It was not always clear in this period of transition who should be regarded as a member of the staff and who was employed on an ad hoc basis or merely to be considered a helpful friend. The junior research fellowship which I held at the time was in that grey area, for it was a wholly provisional arrangement. Several other junior scholars were in a similar position. Two of them had also worked at the Warburg Institute in Hamburg. One was Hugo Buchthal who had been a student of Adolph Goldschmidt and Erwin Panofsky in Germany and had specialised in the study of Byzantine and Islamic art. The other was my former fellow student from Vienna, Otto Kurz with whom I shared accommodation for some time. The range and precision of his knowledge had already been apparent when he had joined the Institute’s team at Hamburg, and he became indispensable as a polymath, able to answer practically any query. Many other young academics, who had to flee from Germany and later also from Austria, became regular users of the library, and so we young people were never short of intellectual stimulation.

Even so the precarious cohesion of the Institute’s existence was badly threatened when, in the spring of 1937, the library had to leave its temporary quarters in Thames House and the books had to go back into packing cases. Some kind of solution was in sight but it took long to materialise: the library of the University of London was vacating its premises in the Imperial Institute’s building which offered temporary office space to the Institute’s administration and the promise of space for the library which was not redeemed until the spring of 1938. During this year of suspended animation, I also had little access to Warburg’s papers. Instead Kurz and I were assigned the task, suggested by the then Director of the Courtauld Institute, of compilging a handbook on Iconography for the use of students. It was never completed but I learned a great deal in the process of preparing it. Saxl had been offered the Directorship of the Courtauld Institute but declined, since he felt responsible for his charge. Ever eager to fill gaps where he perceived them, he embarked on a study of English Romanesque sculpture, touring the country with the Institute’s excellent photographer, Otto Fein, who had also accompanied it from Hamburg. Studying English and French seals for the sake of stylistic comparison, he hoped to establish a firm chronology based on purely art historical criteria. At the same time he wished to keep the Institute’s activities before the eyes of a wider public and thus harked back to his early experience in the field of adult education and decided to launch educational exhibitions of photographs arranged on screens. The first of them was called “The Visual Approach to the Classics”, intended to wean the public from a purely aesthetic attitude and using works of art as documents for the history of culture and of religion. It was a great success and continued to be circulated in schools.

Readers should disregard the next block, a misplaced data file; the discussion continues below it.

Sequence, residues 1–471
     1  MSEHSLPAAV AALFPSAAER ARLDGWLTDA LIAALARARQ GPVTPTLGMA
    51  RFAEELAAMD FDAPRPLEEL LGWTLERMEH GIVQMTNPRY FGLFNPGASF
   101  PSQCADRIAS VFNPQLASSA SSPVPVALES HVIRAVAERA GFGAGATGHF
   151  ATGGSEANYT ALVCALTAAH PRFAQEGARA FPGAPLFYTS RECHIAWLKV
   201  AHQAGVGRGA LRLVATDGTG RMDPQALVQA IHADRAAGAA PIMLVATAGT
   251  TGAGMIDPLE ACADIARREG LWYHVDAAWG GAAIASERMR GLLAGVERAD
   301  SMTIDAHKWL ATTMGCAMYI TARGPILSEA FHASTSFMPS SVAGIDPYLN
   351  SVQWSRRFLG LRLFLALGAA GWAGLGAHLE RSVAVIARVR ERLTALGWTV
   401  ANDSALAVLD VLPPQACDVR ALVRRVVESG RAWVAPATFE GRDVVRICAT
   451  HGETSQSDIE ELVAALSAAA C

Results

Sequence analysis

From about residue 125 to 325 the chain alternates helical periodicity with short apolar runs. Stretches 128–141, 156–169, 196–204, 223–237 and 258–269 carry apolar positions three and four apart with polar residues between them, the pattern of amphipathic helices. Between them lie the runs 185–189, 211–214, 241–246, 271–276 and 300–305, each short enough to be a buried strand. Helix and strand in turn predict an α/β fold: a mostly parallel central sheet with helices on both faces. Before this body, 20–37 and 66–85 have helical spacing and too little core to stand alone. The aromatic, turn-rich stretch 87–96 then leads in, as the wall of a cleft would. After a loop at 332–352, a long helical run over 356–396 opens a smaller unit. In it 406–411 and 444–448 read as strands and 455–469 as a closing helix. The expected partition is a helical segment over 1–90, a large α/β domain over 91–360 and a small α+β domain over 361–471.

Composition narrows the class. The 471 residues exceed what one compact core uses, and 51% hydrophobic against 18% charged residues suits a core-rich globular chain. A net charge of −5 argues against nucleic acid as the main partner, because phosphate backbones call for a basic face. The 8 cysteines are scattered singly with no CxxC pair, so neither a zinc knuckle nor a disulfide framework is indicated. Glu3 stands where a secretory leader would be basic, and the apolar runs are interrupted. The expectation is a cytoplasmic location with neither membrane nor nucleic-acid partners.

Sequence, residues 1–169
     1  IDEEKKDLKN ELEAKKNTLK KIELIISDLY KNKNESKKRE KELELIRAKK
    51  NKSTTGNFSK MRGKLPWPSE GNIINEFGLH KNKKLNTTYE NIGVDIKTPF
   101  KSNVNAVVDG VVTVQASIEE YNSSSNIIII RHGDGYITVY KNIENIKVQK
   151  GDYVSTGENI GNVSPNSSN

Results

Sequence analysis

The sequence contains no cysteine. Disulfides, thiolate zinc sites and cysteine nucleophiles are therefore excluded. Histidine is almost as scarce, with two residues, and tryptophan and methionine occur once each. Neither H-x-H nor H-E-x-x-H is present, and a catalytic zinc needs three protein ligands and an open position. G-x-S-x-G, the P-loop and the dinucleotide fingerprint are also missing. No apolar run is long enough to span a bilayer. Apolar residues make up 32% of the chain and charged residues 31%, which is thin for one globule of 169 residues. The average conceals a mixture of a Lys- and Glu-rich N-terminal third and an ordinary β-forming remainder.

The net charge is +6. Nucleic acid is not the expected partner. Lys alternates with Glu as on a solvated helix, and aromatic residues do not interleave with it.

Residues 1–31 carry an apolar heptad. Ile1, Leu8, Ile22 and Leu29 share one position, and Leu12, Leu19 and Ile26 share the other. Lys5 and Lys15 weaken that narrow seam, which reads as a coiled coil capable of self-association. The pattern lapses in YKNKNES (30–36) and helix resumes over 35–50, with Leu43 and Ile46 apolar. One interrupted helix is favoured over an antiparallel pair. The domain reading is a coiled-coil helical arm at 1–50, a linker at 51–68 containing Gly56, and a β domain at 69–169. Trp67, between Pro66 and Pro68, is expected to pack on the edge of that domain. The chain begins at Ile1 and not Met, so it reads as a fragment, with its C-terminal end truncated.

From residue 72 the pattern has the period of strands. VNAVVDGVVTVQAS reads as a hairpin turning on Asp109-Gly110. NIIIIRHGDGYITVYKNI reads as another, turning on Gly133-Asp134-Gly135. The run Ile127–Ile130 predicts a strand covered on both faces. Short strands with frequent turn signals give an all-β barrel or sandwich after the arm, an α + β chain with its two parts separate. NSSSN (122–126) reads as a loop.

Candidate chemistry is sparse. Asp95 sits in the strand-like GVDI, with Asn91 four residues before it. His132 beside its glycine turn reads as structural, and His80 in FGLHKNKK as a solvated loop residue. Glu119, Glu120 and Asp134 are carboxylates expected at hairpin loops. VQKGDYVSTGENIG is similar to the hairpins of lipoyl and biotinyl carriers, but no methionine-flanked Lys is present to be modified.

Despite the hand-to-mouth existence of the Institute, however, long-term plans were boldy conceived as opportunities arose. One of them was the Corpus Platonicum directed by Raymond Klibansky and intended to document “The Continuity of the Platonic Tradition” during the Latin Middle Ages through the edition of the relevant texts. The other was a plan to publish a corpus of the drawings of Nicolas Poussin to be undertaken by Walter Friedlaender and Anthony Blunt. They were the first in a number of ambitious projects not all of which can here be listed. The Warburg Institute may be unusual in several respects, but in one way it is surely unique: it met an ever growing publishing programme without a publishing staff. It was the expertise and dedication of its Secretary and later Registrar, Anne Marie Mayer, that made this possible.